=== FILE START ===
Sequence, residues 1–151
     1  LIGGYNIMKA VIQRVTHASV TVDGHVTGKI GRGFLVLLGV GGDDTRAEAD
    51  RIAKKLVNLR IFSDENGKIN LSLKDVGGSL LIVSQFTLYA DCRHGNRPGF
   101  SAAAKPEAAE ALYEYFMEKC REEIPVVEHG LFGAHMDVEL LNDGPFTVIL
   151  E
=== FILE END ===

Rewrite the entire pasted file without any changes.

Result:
Sequence, residues 1–151
     1  LIGGYNIMKA VIQRVTHASV TVDGHVTGKI GRGFLVLLGV GGDDTRAEAD
    51  RIAKKLVNLR IFSDENGKIN LSLKDVGGSL LIVSQFTLYA DCRHGNRPGF
   101  SAAAKPEAAE ALYEYFMEKC REEIPVVEHG LFGAHMDVEL LNDGPFTVIL
   151  E